Now you’ve submitted your documentation, congratulations! Now, the waiting game begins. While you wait, keep in mind these important dates:

• February 3rd – Deadline to submit supporting documentation proving eligibility
• February 10th – Swedish Institute Scholarships open
• April 3rd – Notification of results for master’s applicants
• April 15th – Applications for the second round for EU applicants open
• April 20th – Notification of results for bachelor’s applicants
• April – Malmö University scholarships open (admitted applicants will get a notification email from Malmö University)

The application process is user-friendly and all of the information to your questions is on the University admissions page, but if you get stuck, you can send an email to study@mau.se! All the best.

Living on a budget in Sweden

Rescued food



’’Sweden is so expensive! The rent is so high! Groceries are so overpriced’’

Another budget rant? You guessed right!
Yes, living in Sweden can be quite expensive, but I am not here to add to the complaints. It takes a certain set of skills and expertise to live on a budget (kidding). Honestly, you just need to shop smart and look in the right places! Sweden makes it easy.

1. Praise the Housing Office!
If you are a student living at University Housing, you have probably been to the ‘Walking-food’ tour. Every semester the Housing Office organizes a walking tour around the city for students to get a glimpse into the different prices that grocery stores in Malmö offer. This is perhaps the best start to your stay in Malmö as this would give you a chance to know all your options when you have just moved in rather than at a later time when you are already accustomed to a certain shopping routine.
Students who live at University Housing are surrounded by budget friendly shopping stores. While most students end up relying on Willys, ICA and Coop due to their accessibility, some lesser known stores like Lidl, Lucu Foods, Abdos and even Orient food offer lower prices for the same goods you would purchase say at Coop. The market at Möllan square is also easy on your pocket, don’t forget to take cash!

2. Support Second Hand
Looking for a new jacket? Or a bag? Or even furniture? You can find all these and more at local second hand stores! Sweden is a huge supporter of sustainability ideas, and if you share a passion for this, it is truly the best place for you. Why you ask? Have you heard the saying – kill two birds with one stone? When you shop second hand, you are not only saving money but you are also doing your little bit to the environment! (Of course, if this is something you care about!) Being environmentally friendly does not come at a high price in Sweden! Neither does being a on a low budget!

3. Return your cans
It may just take a little extra to store your Pepsi cans and plastic bottles. But that little extra can save you some money on your grocery bill and also you are being environmentally friendly! (Yes killing two birds with one stone, think you are getting the hang of it!)
Every grocery store is equipped with a pantmera system, all it takes is for you to keep these cans and plastic bottles after consumption and bringi them to the grocery store when you shop!
I live at University Housing, and sometimes after a party, our floor gathers a large number of cans and plastic bottles. We then use this money for a floor dinner or for baking a cake. Sometimes pantmera has also supplied our dish washing soap along other things!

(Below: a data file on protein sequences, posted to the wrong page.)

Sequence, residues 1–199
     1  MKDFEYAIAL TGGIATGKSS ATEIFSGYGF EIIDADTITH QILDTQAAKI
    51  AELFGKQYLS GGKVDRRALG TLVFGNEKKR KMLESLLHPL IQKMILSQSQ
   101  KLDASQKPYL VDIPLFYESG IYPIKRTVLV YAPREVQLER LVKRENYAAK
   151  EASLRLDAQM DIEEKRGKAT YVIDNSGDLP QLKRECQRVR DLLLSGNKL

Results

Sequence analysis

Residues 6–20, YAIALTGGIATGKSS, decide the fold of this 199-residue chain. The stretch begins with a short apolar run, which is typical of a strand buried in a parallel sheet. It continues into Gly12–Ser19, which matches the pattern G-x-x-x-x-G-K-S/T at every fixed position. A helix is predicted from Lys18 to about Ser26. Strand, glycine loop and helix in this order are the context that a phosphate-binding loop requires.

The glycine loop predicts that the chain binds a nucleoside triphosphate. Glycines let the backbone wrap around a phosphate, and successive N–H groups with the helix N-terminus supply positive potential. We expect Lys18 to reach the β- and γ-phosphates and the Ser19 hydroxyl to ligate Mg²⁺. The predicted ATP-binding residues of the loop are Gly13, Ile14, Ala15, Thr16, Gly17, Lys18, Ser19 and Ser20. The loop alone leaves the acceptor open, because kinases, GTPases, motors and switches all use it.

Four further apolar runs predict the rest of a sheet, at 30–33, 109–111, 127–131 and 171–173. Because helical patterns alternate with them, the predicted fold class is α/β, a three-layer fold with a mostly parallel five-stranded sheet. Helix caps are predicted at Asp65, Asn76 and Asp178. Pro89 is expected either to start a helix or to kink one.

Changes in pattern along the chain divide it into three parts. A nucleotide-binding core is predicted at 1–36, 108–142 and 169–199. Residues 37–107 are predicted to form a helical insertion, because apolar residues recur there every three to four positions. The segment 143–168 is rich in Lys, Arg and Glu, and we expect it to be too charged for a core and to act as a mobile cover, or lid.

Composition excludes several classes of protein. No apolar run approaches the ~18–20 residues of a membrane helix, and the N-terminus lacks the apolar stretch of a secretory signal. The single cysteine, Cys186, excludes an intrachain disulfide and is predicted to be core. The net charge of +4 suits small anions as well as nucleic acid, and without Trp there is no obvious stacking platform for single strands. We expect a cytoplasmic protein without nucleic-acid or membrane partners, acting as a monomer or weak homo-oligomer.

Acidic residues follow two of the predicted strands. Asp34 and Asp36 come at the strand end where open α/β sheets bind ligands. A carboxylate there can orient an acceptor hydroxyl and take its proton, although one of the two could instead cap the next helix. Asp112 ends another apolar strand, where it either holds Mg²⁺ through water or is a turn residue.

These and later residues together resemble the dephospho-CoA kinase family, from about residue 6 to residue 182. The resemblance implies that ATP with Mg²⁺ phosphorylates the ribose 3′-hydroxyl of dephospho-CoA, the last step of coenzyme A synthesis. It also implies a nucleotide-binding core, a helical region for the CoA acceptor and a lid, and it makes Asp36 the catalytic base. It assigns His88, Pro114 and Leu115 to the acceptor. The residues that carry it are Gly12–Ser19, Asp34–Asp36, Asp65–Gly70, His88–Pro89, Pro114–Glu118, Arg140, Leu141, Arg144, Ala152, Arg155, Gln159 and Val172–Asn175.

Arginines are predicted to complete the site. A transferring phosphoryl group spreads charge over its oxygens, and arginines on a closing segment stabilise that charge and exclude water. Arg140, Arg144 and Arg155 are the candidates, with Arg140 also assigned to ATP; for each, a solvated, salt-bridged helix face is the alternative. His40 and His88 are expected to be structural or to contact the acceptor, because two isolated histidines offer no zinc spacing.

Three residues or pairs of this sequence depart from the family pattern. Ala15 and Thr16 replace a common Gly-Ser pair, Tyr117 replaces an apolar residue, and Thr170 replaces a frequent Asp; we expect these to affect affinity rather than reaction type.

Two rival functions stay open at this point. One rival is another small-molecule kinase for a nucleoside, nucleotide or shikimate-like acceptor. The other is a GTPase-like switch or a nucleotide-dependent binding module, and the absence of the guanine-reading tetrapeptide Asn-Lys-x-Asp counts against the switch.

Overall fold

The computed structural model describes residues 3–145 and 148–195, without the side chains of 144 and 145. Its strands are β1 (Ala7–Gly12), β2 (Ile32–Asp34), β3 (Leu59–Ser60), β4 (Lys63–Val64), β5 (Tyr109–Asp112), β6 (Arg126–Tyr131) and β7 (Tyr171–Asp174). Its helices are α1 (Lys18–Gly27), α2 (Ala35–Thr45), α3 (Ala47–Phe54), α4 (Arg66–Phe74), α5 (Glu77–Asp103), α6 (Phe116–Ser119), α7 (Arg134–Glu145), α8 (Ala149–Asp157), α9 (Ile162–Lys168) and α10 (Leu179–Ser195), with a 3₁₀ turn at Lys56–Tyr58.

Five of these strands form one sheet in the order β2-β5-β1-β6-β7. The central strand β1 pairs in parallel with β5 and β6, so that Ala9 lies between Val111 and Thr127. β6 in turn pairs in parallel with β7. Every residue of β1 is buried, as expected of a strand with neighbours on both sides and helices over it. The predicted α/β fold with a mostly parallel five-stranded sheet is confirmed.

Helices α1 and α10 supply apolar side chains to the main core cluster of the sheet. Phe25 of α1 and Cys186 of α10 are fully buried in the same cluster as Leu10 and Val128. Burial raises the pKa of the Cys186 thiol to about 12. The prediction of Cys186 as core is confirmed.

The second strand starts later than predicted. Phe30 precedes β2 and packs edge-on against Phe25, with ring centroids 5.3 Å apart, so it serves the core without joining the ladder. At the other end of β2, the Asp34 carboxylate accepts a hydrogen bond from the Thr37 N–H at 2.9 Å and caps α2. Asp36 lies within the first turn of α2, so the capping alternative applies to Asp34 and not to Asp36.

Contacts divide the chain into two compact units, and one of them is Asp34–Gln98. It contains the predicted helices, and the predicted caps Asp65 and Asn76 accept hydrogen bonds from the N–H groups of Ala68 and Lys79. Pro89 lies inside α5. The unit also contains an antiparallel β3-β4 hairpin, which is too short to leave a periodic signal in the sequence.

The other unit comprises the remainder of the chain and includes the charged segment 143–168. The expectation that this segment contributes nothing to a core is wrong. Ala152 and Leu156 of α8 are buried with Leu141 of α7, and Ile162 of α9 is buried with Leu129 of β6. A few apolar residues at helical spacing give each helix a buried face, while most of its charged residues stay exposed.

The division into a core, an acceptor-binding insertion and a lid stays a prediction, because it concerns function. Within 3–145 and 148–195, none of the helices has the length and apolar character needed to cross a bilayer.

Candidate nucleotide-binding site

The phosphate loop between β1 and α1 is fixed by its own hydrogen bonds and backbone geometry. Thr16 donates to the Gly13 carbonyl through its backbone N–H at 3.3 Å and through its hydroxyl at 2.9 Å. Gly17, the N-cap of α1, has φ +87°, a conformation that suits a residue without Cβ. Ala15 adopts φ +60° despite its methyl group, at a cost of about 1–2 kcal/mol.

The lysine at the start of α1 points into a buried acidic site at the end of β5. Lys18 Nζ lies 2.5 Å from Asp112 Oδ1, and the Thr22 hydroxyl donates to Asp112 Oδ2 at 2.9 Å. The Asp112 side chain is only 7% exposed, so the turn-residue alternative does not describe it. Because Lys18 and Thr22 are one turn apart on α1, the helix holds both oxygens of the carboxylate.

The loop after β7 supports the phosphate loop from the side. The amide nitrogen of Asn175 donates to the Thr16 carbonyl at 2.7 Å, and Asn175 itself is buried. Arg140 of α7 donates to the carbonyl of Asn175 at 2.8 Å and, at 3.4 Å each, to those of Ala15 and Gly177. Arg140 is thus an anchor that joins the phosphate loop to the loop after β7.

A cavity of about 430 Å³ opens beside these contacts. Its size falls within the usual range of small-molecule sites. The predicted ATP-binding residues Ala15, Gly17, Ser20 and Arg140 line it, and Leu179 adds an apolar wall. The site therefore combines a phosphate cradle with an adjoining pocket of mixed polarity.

4. Back to food!
Apart from shopping at budget friendly stores, Malmö is also home to the NGO Food2Change. This organization works together with ICA Caroli to give away unsold rescued food. As you are a student, you are eligible to sign up for Food2Change. And if you love to volunteer then this is also the place for you. For just 500 sek over 6 months you can receive a bag of a variety of food once a week.
Have you heard of the mobile application Karma? (https://karma.life/) Based on a similar idea, the app lists food that are unsold at nearby cafes or restaurants at lower prices.

5. Eat in not order in
Living abroad can also make us miss certain things we are used to having back home. Such as a nice meal in a restaurant. While once in a while a meal outside cannot make a big hole in your pocket, once too often sure will. Cooking your own meal while being a student while balancing other new things in life can certainly be a challenge. Find inspiration on the internet for quick meals so you can have a meal prepared for a busy school day or before a submission. This was really hard for me as I was used to having my meals cooked by my mother along with eating a meal at a restaurant at least once a week. (haah, those days and yes spoiled child alert). But over the past two years, I have firstly discovered that I can cook, and secondly that cooking a dish of my choice is not that hard. Bring a friend along or cook with a video on YouTube. With this I have saved a whole lot of money in my pocket.

Apart from these 5 tips on how to live on a budget in Sweden, being a student has its perks. Using your student discounts while you can is something you need to take advantage of. Whether it is a bus ticket, or a coffee at Espresso House, a discount at Stadium, you take it! I promise you, you will miss this privilege after you have graduated.
I hope this break down makes both you and I feel less anxious about the hole in our pocket. See, it’s not so bad right? At least that is what I tell myself. (Im kidding!)
If you have any more tips on how to live on a budget, I would love to know!
Until next time, hej då!

Things I wish I knew before coming to Sweden

New post, who is this?